• g_: Moves to the non-blank character at the end of a line

Moving Vertically

Starting from k and j, we move on to a faster way of maneuvering vertically with:

  • } jumps entire paragraphs downwards
  • { similarly but upwards
  • CTRL-D lets you move down half a page by scrolling the page
  • CTRL-U lets you move up half a page also by scrolling

None of these are my favorites but they'll do for the time being. In the custom mappings chapter, you'll learn how to create a custom key binding for the ultimate mid-range vertical motion.

High Precision Vertical Motions With Search Pattern

To move vertically even faster when you have a target in mind, your best option is to search for that target with the /{pattern} and ?{pattern} commands:

  • Use /{pattern} to search forward inside a file
  • Use ?{pattern} to search backwards

Where the {pattern} fragment will often be a string literal (the name of a method, class or variable) but can also be a regular expression.

If you're near your computer try typing a search command right now. You'll discover that, as you type a search command, any bit of text within a file that matches your pattern is highlighted. As you continue typing the pattern, the highlighted areas will be updated and reflect the new matches. When you find what you are looking for, type <Enter> and your cursor will jump to the first match in the document. There you can perform some editing if you want and later use n to jump to the next match (or N for the previous one). You can think of n as repeating a search.

Enabling Highlighted Search

For some reason unbeknownst to me, highlighted search isn't enabled by default in VSCodeVim. To remedy that, go to Preferences and enable the Vim: Hlsearch option (or, alternatively, use the vim.hlsearch option in the json version of the configuration).

Vim loves saving you time: Type /<Enter> or ?<Enter> anytime to run the last search (forwards or backwards). Or use * to do a search for the word under the cursor (# to do the same backwards).

Moving Faster With Counts

Counts are numbers which let you multiply the effect of a command. You can use them by prefixing any command with a count like so:


For instance:

  • 2w allows us to move the cursor 2 words forward.
  • 5j changes your cursor position to 5 lines below.
  • 3; lets you go to the next third occurrence of a character.
  • 2/baby sends you flying to the second occurrence of baby in a document.

In general, use {count}{motion} to multiply a motion {count} times.

Relative Line Numbers

A great way to move vertically within Vim is by using counts in combination with the j and k motions. But sometimes it can be hard to know how many lines you need to jump to get to the desired position. That's where relative line numbers can come in quite handy.

Relative line numbers show line numbers in relation to your current line: If the current line is where your cursor is resting, the line below would have line number 1, the next one line number 2, and so on. Using relative line numbers, it is very straightforward to see how many lines you need to jump to get to where you want to go. Just take a sneak peek at the relative line number and use it as a count.

You can enable relative line numbers in VSCode by going to Preferences (Remember! Use the command palette with CMD-SHIFT-P or CTRL-SHIFT-P), searching for the line numbers configuration and setting it to relative.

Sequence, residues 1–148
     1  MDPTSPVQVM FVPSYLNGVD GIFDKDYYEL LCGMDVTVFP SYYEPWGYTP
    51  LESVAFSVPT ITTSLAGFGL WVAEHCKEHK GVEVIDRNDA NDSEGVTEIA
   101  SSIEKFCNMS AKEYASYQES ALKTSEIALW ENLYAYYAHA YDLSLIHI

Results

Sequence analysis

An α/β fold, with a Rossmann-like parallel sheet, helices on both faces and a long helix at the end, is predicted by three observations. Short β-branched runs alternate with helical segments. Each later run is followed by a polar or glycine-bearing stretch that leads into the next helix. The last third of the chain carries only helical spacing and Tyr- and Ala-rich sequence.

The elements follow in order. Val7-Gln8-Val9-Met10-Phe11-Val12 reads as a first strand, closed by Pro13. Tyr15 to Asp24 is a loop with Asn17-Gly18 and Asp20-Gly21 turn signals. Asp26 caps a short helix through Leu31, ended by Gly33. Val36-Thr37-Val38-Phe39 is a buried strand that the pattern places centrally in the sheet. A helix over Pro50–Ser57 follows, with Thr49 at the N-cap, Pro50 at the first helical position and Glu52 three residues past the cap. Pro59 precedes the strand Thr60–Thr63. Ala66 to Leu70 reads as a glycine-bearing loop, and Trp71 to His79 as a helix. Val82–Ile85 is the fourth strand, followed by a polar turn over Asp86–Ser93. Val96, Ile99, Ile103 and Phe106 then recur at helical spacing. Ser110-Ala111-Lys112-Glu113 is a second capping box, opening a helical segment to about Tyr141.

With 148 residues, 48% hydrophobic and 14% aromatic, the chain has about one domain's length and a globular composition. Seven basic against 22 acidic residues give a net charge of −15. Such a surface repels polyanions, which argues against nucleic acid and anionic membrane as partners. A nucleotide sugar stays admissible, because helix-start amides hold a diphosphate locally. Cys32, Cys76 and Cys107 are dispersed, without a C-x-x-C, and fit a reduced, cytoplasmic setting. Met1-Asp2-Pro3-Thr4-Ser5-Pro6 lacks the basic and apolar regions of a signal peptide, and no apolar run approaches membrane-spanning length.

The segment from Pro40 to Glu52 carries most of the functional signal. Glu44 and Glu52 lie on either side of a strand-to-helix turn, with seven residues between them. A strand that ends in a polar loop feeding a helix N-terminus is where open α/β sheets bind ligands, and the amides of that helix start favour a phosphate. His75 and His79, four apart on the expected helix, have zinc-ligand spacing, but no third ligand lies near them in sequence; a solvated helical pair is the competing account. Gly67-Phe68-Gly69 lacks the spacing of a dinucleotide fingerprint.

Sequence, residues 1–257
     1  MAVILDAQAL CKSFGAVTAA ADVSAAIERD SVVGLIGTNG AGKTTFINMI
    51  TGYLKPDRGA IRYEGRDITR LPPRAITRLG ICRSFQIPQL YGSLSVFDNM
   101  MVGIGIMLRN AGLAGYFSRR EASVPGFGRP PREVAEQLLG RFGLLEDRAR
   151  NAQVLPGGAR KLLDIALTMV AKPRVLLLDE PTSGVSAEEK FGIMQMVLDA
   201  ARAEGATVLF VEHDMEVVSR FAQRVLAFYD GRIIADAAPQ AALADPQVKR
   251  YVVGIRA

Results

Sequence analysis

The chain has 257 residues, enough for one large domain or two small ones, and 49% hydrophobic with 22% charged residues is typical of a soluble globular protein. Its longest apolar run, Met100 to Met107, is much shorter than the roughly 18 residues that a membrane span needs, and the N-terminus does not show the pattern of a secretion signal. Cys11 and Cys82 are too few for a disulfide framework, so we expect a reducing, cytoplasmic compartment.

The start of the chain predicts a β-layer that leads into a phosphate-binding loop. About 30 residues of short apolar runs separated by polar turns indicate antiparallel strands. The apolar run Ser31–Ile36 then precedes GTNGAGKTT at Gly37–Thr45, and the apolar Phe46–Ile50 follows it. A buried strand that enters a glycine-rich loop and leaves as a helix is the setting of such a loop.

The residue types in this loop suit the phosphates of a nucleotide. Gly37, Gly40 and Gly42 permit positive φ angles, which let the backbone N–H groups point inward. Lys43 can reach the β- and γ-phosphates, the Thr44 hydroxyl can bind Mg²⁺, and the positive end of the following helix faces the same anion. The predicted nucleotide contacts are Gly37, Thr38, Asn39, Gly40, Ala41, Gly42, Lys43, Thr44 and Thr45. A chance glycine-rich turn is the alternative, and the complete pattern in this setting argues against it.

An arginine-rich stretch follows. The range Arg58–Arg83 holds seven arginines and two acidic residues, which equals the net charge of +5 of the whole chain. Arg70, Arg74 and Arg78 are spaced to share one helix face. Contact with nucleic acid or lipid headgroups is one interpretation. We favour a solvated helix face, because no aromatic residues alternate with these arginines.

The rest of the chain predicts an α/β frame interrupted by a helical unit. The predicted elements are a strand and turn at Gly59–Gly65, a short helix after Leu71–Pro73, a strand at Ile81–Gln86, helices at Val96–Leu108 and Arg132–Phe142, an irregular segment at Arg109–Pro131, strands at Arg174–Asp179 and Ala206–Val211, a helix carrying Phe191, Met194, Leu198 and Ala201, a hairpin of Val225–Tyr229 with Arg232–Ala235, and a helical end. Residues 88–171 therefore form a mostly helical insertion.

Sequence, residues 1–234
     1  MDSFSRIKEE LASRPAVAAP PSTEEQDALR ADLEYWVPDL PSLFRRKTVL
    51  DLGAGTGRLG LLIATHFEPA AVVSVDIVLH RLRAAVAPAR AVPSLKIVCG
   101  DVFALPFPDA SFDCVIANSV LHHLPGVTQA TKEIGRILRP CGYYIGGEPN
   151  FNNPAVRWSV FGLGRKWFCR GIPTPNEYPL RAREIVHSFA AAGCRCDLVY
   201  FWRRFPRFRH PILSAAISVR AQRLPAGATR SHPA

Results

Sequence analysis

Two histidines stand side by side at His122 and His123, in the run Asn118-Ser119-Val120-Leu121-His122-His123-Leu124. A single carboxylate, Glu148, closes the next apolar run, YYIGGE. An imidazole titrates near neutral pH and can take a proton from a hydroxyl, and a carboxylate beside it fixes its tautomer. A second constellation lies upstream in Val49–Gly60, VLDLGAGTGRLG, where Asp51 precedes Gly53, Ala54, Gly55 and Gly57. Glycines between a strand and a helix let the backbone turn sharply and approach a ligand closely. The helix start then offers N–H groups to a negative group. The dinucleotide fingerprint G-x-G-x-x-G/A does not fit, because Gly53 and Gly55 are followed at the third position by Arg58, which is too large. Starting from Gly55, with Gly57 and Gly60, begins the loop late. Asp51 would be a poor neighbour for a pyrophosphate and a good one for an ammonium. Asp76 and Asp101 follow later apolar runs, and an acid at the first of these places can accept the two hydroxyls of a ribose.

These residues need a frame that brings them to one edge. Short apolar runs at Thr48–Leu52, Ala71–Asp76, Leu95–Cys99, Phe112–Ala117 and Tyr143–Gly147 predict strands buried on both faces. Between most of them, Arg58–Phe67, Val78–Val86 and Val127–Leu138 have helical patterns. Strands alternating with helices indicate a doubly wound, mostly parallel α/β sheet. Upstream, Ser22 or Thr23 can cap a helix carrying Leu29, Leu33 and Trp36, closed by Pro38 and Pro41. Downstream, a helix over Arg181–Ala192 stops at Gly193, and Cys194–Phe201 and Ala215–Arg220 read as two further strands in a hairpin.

Moving Semantically

In addition to the previous motions which don't really take into account the meaning of your code, Vim offers additional bindings that take your code semantics into consideration:

  • Use gd to jump to definition of whatever is under your cursor.
  • Use gf to jump to a file in an import.

And Some More Nifty Core Motions

These are yet more motions that can come in handy from time to time:

  • Type gg to go to the top of the file.
  • Use {line}gg to go to a specific line.
  • Use G to go to the end of the file.
  • Type % jump to matching ({[]}).


Motions are commands that let you move around in Vim with high speed and precision. They are composed of one or more keys typed as melodies. They let you perform different types of movements with various lengths and degrees of precision.

The most basic ones are hjkl with are great for small corrections. Then we have word and paragraph motions (w, {) that are nice for browsing code faster. After those, we have high precision search-like motions (f, /) that let us quickly teleport to a character or a search pattern.

Find character and search motions have repeaters (n, ;) that let us repeat the last search by typing just one character. We can use them to jump from match to match in either direction very quickly. The concept of repeaters is a common theme in Vim and you'll learn many of them throughout the book. Train yourself to rely on repeaters, and you'll become the more effective for it.

You can combine counts with motions for greater effect. Our brains are slow at counting so you should limit the use of counts only to short jumps. When using counts with vertical motions it is nice to enable relative numbers because they give you a clear reference to your target. Consider enabling relative numbers if you haven't already.

Now let's move onto another foundational block in Vim that will allow you to edit text like if by art of magic: Operators.

  1. This is great if you've experienced carpal tunnel syndrome or other wrist joint problems. Also do yourself a favor and get a nice ergonomic keyboard. You're in this for the long haul. ↩


Editor guide
tofraley profile image
Taylor Fraley

Thanks for this! I've been trying to start using vim for a while now. One of vim's biggest features (imo) is making it easy and fast to navigate files. I was able to just follow along with a file while reading your article. You've made it clear how to zoom around files in vim!

muhajirdev profile image
Muhammad Muhajir

Check , there are some vscode vim tips. You might like it

vintharas profile image
vintharas profile image